Like the formerly proposed 2011 Guidance – and different from the Existing Guidance – the proposed rule would significantly expand the scope of categorical federal agency jurisdiction under the CWA.[8] The most significant departure from the Existing Guidance is the heightened emphasis placed on Justice Kennedy’s “significant nexus” test for determining CWA jurisdiction.[9] The Rapanos decision advanced two different standards for determining federal jurisdiction under the CWA – Justice Scalia’s “continuous surface connection” standard and Justice Kennedy’s “significant nexus” standard – and the Existing Guidance said that the agencies would use both standards.[10]

One purpose of the proposed rule is to reduce the use of the Corps’ Wetlands Delineation Manual. The 1987 Manual and more recent Regional Supplements are tools the agencies have used for several decades to determine whether water bodies are subject to CWA jurisdiction on a case-by-case basis.

One of the more contentious areas of determining CWA jurisdiction has involved what are described as “other waters” in the EPA’s and the Corps’ regulations. These waters include, among other things, “mudflats, sandflats, wetlands, sloughs, prairie potholes, wet meadows” and were specifically at issue in the Supreme Court’s decision in SWANCC,[11] in which the court held that Corps jurisdiction does not extend to isolated, abandoned sand and gravel pits with seasonal ponds. A notable point of departure that the proposed rule makes from the Existing Guidance has to do with determining CWA jurisdiction over non-navigable tributaries of traditional navigable waters.

Under the proposed rule, and for the first time, the following will always be jurisdictional:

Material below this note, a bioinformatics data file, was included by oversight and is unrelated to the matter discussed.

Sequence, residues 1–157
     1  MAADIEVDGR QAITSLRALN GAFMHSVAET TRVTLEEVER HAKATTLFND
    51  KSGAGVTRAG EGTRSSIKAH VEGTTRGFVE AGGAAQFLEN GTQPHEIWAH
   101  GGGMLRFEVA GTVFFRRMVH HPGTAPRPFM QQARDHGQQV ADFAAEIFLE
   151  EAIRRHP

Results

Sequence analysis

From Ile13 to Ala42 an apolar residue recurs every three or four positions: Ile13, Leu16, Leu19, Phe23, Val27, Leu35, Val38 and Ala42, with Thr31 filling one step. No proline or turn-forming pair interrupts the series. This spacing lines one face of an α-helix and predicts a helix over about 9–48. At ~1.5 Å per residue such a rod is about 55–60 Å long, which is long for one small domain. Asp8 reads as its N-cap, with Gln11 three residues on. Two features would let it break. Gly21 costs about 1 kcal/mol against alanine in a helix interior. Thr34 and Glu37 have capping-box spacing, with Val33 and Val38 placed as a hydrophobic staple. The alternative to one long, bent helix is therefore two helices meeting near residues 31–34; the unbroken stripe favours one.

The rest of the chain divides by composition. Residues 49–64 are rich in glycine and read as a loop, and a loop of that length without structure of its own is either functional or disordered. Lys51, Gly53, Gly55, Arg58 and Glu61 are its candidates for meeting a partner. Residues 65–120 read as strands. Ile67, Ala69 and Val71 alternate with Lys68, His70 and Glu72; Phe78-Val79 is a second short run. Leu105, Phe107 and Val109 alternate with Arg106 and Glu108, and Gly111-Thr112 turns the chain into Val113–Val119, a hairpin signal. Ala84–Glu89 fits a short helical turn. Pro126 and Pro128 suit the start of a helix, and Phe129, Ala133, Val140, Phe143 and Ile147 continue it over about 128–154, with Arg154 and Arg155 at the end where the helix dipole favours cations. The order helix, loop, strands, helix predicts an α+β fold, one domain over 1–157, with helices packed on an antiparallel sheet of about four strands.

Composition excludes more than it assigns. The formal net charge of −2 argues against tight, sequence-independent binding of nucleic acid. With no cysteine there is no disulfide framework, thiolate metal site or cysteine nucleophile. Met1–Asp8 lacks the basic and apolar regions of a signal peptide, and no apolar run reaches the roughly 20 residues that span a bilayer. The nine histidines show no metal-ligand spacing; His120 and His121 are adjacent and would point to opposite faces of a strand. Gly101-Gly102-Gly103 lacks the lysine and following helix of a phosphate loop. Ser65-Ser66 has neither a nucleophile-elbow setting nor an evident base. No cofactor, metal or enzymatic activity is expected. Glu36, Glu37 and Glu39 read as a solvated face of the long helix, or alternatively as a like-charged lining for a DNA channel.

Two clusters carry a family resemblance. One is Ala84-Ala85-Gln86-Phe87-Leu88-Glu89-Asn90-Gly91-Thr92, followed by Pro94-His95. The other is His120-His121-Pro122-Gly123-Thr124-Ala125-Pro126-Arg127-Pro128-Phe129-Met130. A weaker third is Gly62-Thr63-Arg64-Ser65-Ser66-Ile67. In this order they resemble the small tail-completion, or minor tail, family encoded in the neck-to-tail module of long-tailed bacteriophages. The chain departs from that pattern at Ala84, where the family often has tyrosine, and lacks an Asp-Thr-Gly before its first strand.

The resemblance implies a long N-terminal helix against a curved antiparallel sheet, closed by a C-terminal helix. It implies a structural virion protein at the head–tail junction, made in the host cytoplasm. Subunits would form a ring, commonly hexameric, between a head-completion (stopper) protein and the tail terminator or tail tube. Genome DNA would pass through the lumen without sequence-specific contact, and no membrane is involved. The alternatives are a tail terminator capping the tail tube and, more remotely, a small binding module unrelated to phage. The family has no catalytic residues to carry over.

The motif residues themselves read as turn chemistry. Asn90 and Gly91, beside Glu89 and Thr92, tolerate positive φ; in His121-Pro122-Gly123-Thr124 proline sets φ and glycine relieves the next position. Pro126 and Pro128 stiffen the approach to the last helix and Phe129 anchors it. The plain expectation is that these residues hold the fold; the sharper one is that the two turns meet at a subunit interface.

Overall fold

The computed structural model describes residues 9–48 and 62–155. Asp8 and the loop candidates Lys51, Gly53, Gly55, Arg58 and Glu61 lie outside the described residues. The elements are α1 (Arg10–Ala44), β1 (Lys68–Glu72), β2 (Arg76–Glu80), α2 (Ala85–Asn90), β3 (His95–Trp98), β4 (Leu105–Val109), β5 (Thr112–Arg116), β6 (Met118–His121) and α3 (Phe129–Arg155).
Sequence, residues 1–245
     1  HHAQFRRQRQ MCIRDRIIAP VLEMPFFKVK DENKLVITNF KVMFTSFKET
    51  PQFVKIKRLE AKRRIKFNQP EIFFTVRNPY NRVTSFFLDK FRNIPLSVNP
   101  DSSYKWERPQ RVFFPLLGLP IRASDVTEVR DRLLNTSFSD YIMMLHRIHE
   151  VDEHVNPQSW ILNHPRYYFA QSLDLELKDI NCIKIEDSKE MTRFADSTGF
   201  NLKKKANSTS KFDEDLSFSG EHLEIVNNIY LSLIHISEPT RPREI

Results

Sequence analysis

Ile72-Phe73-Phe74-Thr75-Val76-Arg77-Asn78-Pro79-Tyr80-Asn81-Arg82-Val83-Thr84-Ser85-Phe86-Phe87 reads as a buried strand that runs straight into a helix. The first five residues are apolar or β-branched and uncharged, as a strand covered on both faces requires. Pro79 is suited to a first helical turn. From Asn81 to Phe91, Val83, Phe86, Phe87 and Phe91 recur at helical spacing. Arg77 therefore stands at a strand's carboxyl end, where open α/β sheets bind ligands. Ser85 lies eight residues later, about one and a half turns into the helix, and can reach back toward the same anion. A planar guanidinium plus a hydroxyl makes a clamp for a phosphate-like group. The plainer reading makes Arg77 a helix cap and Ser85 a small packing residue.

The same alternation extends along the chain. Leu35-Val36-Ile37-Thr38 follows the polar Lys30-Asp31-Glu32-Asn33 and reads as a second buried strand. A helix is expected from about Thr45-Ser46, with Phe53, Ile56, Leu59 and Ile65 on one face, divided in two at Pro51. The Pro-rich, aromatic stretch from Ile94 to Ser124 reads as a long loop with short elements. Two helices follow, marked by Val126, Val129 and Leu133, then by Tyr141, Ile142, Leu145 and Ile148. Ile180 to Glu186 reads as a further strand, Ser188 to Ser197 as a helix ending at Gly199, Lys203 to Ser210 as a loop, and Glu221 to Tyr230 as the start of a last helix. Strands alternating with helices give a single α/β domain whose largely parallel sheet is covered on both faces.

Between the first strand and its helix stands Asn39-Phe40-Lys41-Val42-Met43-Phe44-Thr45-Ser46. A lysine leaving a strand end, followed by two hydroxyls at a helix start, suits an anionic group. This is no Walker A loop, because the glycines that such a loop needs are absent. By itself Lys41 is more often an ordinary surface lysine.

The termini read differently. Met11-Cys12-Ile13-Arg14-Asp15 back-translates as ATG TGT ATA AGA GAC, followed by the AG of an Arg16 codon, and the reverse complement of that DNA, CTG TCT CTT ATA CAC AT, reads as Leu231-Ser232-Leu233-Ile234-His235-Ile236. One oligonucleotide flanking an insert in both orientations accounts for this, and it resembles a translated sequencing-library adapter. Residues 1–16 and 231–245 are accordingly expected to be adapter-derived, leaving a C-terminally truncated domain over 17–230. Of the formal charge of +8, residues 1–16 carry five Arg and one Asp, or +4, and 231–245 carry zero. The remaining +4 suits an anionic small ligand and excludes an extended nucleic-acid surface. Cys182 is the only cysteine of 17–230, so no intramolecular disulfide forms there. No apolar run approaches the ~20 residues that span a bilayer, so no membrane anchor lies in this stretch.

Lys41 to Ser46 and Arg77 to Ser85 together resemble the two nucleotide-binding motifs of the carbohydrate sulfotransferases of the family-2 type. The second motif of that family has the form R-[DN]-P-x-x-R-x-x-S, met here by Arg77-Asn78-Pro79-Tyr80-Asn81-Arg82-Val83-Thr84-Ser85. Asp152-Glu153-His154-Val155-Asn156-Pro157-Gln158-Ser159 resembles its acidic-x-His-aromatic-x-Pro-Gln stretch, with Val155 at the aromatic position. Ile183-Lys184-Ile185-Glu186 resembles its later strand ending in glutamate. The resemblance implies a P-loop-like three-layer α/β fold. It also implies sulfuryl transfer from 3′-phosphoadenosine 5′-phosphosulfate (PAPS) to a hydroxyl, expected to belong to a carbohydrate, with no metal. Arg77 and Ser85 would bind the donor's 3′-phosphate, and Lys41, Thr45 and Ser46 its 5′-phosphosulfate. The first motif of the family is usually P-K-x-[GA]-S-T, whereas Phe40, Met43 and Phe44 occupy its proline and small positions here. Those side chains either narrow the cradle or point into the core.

• All “tributaries”, including any water (wetlands, lakes, and ponds) that contribute flow, either directly or through another water, to downstream traditional navigable waters, interstate waters, or territorial seas.
  • All waters “adjacent” to such tributaries. The proposed rule broadly defines “adjacent” to include all waters located within the “riparian area” or “floodplain” of otherwise jurisdictional waters, including waters with shallow subsurface hydrologic connection or confined surface hydrologic connection to jurisdictional water.

The proposed rule would, however, codify existing policies and categorically exempt from federal CWA jurisdiction the following:

  • Ditches excavated wholly in/only draining uplands, and less than perennial flow.
  • Ditches that do not contribute flow, either directly or through another water, to traditional navigable waters, interstate waters, or the territorial seas.
  • Artificially irrigated areas that revert to upland should water application cease.
  • Artificial lakes or ponds created by excavating and/or diking dry land and used exclusively for stock watering, irrigation, settling basins, or rice growing.
  • Artificial reflecting or swimming pools created by excavating and/or diking dry land.
  • Small ornamental waters created for primarily aesthetic reasons.
  • Water-filled depressions created incidental to construction activity.
  • Groundwater, including groundwater drained through subsurface drainage systems.
  • Gullies and rills and non-wetland swales.

The proposed rule’s net effect is that more smaller and remote upstream bodies of water will fall with certainty within federal CWA jurisdiction; resulting in federal permit requirements and mitigation for any activities that may fill or add pollutants to such water bodies.